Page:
After assessing equipment needs at the beginning of the year, Rebecca also worked with USS to acquire and reconfigure monitors for flatbed scanning stations, refresh those computers, and refresh two of the four flatbed scanners. This work required a lot of trouble-shooting during the configuration to get all the software working, so it took priority, as Rebecca is planning to start several projects in March, which she also spent February meeting with curators and planning those projects. Some of the upcoming projects include the Maryland Public Television exhibit, which will feature a lot of digital photography; a manuscript collection from the Prange collection area, which includes scrapbooks; and fragile newspapers from the Labor collections.

Digitization assistants continued work on staff and patron requests and one main project of Works Progress Administration photos.

Digital  Programs and Initiatives

Research Data Services

David Durden taught a segment on data management in the Research Commons’ workshop, “Organizing your Research and Using Citation Managers.” This workshop covered organizational skills, an introduction to data management, and offered a ‘choose your own citation manager adventure’ covering Mendeley, Zotero, or EndNote. The workshop was collaboratively developed and taught by Tahirah Akbar-Williams, David Durden, Sarah Over, Jordan Sly, and Nedelina Tchangalova. In addition, on February 25, David taught a workshop on data management to graduate students. This recurring Research Commons workshop covers data management plans, the data lifecycle, and practical solutions to data management for the student researcher.

David also presented and demonstrated REDCap to a School of Public Health Brown Bag workshop on survey tools on February 22, 2019. The Brown Bag featured demonstrations on both Qualtrics and REDCap with an emphasis on choosing the right electronic data capture tool for the job. David has also been developing a workflow and service model for migrating large research studies from Qualtrics to REDCap, including project file conversion, feature implementation and development, and data migration.

Archelon Product Development

DPI staff are working on identifying features and functional requirements for Archelon, the administrative staff interface for Fedora 4+. Building out this application to serve the digital production needs of a variety of Libraries’ staff is an essential requirement for modernizing digital collections operations and processes, and it is necessary for the Libraries to have such an application in place before substantial migration of content from the old Fedora 2 repository can begin. As part of this process, Kate Dohe, Carlos Alvarado, and Anne Hendrick have conducted initial stakeholder interviews, listening sessions, and observations. The team is currently developing user stories to facilitate software development, and define a minimum viable product that can evolve in tandem with the needs of curators, archival coordinators, digitization specialists, repository managers, metadata technicians, and other staff who need to manage unique digital content.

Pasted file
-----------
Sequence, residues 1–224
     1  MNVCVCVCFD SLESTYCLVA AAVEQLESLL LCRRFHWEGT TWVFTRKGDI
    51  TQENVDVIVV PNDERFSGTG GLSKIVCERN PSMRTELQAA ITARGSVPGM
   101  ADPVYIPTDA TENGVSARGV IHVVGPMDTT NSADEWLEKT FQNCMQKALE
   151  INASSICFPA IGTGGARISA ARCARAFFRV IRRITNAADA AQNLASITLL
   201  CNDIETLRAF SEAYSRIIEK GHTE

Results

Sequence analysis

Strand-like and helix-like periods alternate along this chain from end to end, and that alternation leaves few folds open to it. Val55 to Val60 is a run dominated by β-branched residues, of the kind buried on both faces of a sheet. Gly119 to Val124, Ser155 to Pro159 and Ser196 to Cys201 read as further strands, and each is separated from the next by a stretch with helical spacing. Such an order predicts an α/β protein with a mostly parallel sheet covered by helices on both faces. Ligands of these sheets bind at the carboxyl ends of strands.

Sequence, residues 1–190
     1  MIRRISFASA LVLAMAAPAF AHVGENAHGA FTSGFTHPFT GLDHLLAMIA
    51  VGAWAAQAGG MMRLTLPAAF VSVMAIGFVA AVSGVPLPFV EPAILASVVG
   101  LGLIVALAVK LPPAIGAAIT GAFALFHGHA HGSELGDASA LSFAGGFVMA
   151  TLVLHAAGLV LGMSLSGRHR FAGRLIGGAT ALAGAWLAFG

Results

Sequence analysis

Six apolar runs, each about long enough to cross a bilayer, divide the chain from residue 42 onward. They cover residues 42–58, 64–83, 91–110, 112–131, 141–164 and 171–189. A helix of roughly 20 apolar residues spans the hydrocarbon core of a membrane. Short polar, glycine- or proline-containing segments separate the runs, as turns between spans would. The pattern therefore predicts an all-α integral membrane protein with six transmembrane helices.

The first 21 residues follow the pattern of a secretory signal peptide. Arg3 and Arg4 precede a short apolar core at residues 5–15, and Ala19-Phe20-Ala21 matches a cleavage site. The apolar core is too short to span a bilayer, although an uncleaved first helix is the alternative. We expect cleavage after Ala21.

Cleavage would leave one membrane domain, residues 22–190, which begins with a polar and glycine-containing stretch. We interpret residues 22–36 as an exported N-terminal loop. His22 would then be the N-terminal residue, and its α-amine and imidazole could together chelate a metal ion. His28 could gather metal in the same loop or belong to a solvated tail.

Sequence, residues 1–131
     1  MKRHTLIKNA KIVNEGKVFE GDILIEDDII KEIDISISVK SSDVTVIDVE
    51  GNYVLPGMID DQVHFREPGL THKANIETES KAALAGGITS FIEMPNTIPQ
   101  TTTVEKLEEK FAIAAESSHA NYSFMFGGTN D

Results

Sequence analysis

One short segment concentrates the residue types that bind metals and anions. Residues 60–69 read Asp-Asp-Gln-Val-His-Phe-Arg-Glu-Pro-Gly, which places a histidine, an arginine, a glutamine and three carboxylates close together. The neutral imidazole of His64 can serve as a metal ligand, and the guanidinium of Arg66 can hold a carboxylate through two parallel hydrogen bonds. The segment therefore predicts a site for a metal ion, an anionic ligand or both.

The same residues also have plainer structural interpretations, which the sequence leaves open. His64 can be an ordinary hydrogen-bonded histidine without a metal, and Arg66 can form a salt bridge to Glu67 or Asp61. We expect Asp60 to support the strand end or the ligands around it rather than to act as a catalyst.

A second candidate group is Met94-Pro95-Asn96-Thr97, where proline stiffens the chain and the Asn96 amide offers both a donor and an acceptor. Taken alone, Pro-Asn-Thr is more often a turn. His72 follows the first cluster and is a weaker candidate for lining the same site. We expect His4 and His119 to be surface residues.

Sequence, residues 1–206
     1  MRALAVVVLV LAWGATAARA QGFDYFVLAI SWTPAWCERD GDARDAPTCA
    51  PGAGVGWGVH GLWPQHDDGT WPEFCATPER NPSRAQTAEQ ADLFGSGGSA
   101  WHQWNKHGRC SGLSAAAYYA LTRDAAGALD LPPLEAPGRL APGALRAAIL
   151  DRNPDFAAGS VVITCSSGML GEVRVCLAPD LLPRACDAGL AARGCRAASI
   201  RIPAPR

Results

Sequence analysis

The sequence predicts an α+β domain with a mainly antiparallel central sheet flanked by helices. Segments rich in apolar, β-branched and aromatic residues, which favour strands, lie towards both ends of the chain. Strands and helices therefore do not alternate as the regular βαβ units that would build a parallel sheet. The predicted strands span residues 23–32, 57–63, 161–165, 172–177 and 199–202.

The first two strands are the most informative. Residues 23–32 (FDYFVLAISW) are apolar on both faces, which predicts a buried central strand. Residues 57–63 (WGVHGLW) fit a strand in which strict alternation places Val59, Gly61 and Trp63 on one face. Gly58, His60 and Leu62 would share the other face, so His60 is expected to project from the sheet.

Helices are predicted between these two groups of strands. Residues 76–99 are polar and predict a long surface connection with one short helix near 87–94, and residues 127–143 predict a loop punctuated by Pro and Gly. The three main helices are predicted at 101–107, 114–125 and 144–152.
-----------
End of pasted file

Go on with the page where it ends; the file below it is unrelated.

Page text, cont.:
Do you create, edit, or administer digital collections content? Please let us know what you’d like to see in Archelon – email DPI, or contact Kate directly, for more discussion. We need your input!

ORCID@UMD

In close collaboration with the Graduate School, DSS staff will develop and maintain an application to ease the sign-up and permission-granting process for University of Maryland faculty, staff, and students who wish to use ORCID, a researcher identification system that is widely used by faculty reporting tools, funding agencies, and publishers. UMD is an institutional member of ORCID, and this application will enable the university community and administrators to more effectively capitalize on this membership. Product development and mockups are underway.

Software Development

A quiet month, release-wise.

Under Development

  • Libi – continuing to fix bugs and setup groups in new Libi; full URL cutover and freezing content in old Libi is currently on hold, pending resolution of usability issues discovered during testing
  • Hippo CMS / Website – updates for improved permissions and maintenance as well as additional content editing features in the Channel Manager; Proof of Concept for a Research Guides template and content maintenance in Hippo